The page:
The initial bite may not feel very painful as the Recluse is a small spider and has very small fangs, but afterwards an ulcer will appear at the affected area, which is the beginning of the tissue breaking down. This can take up to a week to appear and months to heal, even with medical treatment and is extremely painful. Mild to intense pain may be experienced a few hours after being bitten, accompanied by itching, nausea, fever, chills and vomiting.
The body is typically light to dark brown all over in color, the legs lack spines and, unlike most other spiders, the Brown Recluse has just six eyes – arranged in three pairs, in a semi-circle on the fore-part of the cephalothorax. This is the most definitive way of telling the Brown Recluse apart from other species.
They typically build their webs in undisturbed, quiet and dry places such as cellars and sheds and leave their webs at night to hunt for soft-bodied insects such as cockroaches and crickets. Incidents where humans are bitten are extremely uncommon and usually are the result of the spider being pressed against human skin – for instance, when one has crawled into a shirt that has been lying on the floor for a few days and is then put on.
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Three: Black Widow Spider
Third on the ‘most venomous’ list is the infamous ‘Black Widow’ spider, which is part of the Theridiidae family and the genus ‘Lactrodectus.’ The name came about because the female eats the male almost immediately after mating – this is so she has enough energy to produce the eggs and healthy offspring. However, many female spiders belonging to different species exhibit this same behaviour for the same purpose, so it is not only Black Widows that eat their mate.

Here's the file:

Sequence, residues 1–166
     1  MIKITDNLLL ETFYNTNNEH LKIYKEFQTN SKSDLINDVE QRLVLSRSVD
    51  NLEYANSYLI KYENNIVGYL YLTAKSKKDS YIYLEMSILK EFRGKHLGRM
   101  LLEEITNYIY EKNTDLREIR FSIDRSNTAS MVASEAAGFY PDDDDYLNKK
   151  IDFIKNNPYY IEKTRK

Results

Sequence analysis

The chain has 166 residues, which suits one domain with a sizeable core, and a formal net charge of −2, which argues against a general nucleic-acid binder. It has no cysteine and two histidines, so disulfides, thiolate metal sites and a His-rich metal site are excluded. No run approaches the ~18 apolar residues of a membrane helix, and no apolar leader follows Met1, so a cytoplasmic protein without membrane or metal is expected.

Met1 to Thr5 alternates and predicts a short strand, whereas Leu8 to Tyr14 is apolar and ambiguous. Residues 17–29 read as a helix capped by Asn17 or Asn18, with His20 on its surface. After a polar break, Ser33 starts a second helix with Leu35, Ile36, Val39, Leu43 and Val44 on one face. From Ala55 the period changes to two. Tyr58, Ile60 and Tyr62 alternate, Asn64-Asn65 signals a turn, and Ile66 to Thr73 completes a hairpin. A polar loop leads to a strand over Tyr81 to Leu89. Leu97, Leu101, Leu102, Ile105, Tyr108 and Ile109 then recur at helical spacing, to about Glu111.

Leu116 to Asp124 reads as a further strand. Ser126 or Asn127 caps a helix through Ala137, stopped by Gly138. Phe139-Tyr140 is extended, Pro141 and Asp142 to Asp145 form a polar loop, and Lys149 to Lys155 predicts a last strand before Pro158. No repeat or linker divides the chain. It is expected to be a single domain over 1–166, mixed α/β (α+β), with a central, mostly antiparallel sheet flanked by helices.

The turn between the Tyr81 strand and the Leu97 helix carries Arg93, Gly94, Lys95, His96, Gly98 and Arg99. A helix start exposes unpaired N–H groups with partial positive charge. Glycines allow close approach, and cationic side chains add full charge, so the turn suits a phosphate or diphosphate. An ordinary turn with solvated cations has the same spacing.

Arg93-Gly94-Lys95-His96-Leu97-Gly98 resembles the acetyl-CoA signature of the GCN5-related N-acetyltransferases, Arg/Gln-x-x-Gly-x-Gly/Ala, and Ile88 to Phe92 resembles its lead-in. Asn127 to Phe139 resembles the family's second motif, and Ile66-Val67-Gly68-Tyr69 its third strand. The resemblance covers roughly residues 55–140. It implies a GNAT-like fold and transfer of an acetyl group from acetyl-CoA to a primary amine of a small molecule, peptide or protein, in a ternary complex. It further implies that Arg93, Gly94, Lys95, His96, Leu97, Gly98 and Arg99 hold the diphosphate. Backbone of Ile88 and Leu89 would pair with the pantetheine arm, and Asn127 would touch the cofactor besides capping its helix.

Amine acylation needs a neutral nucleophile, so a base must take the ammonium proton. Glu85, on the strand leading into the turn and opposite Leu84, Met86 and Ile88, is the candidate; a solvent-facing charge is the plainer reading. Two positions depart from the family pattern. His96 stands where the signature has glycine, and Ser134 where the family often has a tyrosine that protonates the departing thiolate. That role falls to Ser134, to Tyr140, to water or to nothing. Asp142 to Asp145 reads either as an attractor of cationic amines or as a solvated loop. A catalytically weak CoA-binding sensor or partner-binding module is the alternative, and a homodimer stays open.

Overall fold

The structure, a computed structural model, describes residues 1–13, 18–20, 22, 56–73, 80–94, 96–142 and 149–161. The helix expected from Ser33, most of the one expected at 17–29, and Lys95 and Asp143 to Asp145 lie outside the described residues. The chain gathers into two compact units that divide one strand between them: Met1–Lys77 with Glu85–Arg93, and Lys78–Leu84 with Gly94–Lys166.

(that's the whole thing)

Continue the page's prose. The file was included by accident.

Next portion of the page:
It is recognized in this particular species that the males venom is pretty much harmless to humans, it is only the females that can cause serious discomfort and, in rare circumstances, death.
The Black Widow is famous for bearing a red, hourglass-shape on the ventral abdomen – though it can sometimes be white or yellow, or even two, red dots rather than an hourglass. Apart from these markings, the spider has a shiny, black body and is quite small – the diameter generally being around one and a quarter centimeters, though the exact shape, size and coloration differs between each individual specimen.
Bites from the black widow spider are very rarely fatal if medical assistance is given quickly. However, the neurotoxin that this particular spider releases, known as ‘latrotoxin,’ can be very harmful to humans. Symptoms of being bitten include delayed breathing, restlessness, high blood pressure, extreme sweating, muscle cramps, tachycardia and potentially death, if left untreated.
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Two: Sydney Funnel Web Spider
The second most venomous spider in the world is, undoubtedly, the Sydney Funnel Web Spider, also known as ‘Atrax robustus,’ which belongs to the Hexathelidae family. This spider has two, large, black fangs that point downward, measuring one centimeter or more in length. The fangs are extremely powerful and are capable of penetrating soft footwear.